Friday, February 25, 2011

Fred's Homegrown?

Yep. I'm thinking of becoming a grower. But not pot: Tobacco. I've thought about this off and on for some time and this New York Times article makes me think it might work. The gal seems to raise enough tobacco at her house to satisfy all her needs. Surely I could do the same?

After doing some brief research this looks a little tougher than I expected. They're a lot like tomatoes, being members of the Nightshade family. That has its own problems down here on the coast, most notably Early and Late Blight. They're also susceptible to the same pests, although I haven't had much of a problem with pests on tomatoes.

Another, and probably the biggest, hurdle I've found is the drying and curing requirements. I found something saying they need to be dried in the right humidity with relative humidity in the upper 60% range being optimum. Since 100% isn't uncommon here (it's supposedly 100% as I write this)that would mean you'd have to be able to dry it where humidity could be controlled.

Aging, or curing, is another issue. I guess most commercial tobacco is aged at least a year, if not longer. I've read that some varieties require up to 6 years(!). That requires long term storage space that would have to be rotated among crops. How could I pull that off?

Still, that gal in New York seems to be handling it ok. I've been trying to find a way to contact her to ask how exactly she does it but can't find a direct e-mail. She does have a Facebook page but it says not to Friend her unless you actually know her.

I'll keep working on this. If nothing else maybe I could just grow a few plants, stumble through the process and see how it works. If it's not too big a hassle, maybe more folks could start growing tobacco and we could have add a new definition to Humboldt Homegrown.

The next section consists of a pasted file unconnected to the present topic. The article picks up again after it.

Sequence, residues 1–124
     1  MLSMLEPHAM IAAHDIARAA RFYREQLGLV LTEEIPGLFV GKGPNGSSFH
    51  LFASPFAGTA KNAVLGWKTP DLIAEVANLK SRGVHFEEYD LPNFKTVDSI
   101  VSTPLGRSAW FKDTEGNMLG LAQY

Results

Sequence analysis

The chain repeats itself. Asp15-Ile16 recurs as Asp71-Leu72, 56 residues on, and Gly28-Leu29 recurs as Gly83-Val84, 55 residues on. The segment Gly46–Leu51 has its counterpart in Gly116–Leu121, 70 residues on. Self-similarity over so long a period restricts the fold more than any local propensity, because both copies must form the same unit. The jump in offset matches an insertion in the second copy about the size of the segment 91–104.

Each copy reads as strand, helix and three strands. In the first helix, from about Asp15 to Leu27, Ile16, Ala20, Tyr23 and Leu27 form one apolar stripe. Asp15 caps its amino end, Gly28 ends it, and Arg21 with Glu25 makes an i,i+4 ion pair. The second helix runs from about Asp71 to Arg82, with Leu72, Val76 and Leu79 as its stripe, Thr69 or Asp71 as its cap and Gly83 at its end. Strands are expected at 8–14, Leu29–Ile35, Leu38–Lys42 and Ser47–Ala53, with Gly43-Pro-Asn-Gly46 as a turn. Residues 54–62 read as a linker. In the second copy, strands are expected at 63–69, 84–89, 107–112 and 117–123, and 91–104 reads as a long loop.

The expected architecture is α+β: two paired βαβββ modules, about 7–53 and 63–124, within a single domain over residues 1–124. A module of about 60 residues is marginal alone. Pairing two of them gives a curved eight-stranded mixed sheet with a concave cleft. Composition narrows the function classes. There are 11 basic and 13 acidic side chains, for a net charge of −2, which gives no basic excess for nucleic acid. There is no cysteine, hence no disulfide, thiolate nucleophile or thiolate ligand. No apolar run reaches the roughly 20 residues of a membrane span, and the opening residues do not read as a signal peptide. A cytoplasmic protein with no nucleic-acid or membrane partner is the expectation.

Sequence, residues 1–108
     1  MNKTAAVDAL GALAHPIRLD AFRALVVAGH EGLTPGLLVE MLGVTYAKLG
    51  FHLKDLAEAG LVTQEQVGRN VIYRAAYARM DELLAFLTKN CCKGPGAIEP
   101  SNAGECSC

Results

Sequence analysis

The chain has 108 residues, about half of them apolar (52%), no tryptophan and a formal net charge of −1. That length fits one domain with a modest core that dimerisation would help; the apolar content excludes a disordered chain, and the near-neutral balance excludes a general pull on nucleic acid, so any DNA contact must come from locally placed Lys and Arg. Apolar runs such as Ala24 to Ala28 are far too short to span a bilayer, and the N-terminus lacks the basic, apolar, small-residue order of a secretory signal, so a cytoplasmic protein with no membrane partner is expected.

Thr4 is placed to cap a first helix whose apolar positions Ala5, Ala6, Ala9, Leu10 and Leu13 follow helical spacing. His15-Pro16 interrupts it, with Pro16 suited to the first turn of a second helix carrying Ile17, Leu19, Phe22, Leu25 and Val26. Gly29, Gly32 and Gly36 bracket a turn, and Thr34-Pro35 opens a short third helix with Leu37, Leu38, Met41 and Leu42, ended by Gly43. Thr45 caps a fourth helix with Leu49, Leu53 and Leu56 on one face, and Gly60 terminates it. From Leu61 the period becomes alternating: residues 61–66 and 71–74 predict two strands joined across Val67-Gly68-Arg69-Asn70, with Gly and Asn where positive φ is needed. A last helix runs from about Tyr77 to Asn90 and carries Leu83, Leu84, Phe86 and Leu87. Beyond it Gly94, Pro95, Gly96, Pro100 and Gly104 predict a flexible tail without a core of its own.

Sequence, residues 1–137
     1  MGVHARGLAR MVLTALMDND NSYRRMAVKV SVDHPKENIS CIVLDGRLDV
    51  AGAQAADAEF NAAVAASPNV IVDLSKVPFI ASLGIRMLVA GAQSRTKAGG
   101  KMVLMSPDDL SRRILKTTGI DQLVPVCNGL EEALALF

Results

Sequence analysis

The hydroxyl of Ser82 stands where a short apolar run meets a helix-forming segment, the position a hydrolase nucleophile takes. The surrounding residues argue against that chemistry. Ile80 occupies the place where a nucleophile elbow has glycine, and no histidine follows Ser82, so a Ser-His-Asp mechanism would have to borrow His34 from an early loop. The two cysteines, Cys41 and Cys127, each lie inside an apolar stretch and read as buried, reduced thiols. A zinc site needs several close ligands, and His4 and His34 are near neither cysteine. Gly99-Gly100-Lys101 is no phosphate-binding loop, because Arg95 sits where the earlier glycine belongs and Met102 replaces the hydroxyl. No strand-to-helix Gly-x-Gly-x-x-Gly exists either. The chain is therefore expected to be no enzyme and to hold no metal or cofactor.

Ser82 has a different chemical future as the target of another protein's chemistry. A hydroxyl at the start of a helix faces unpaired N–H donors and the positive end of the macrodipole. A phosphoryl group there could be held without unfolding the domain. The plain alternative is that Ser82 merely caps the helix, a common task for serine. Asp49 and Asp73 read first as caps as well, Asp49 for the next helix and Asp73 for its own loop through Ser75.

4 Comments:

At 9:21 AM, Blogger Glen said...

I've grown tobacco from seed in Marin and Sonoma counties -- just to try. As you said, the processing was the hard part. I don't smoke, so it was a novelty for me.

 
At 9:57 AM, Blogger Fred said...

Did you grow Flowering Tobacco, or the kind they grow for smoking? I believe they're different. Both Nicotania, but different species. I've heard Flowering Tobacco isn't smokable.

 
At 12:26 PM, Anonymous skippy said...

Fred, if we have 'pick your own' blueberries for sale, why not start a 'pick your own' tobacco farm? Humboldt used to grow and export tobacco back in the day, believe it or not. Here's why. Nowadays, the Feds (ATF) would be on you like stink if you did.

The problem is also finding the seeds and plants. There are some selling heirloom tobacco varieties surreptitiously at farmers markets-- a pretty flowering plant with velvet leaves similar to lamb's ears; I've purchased and grown a few in Eureka, doing well until the lightest of frosts arrive-- but you'll not find a single plant or seed for sale in the nurseries.

Why? There's protectionist laws in place by the tobacco industry. Un-libertarian as it seems, it's my understanding you must have a licensed permit not only to sell tobacco seeds and plants but to buy them as well.

 
At 12:48 PM, Blogger Fred said...

The lady in that news article gets her seed from a seed place for $2.00 a packet according to the story. It's also legal to grow them as long as you don't sell the stuff.

I think it would be neat if you could get enough folks to start growing them to get a good black market going just as we have with pot, but I don't think it would be profitable enough.

 

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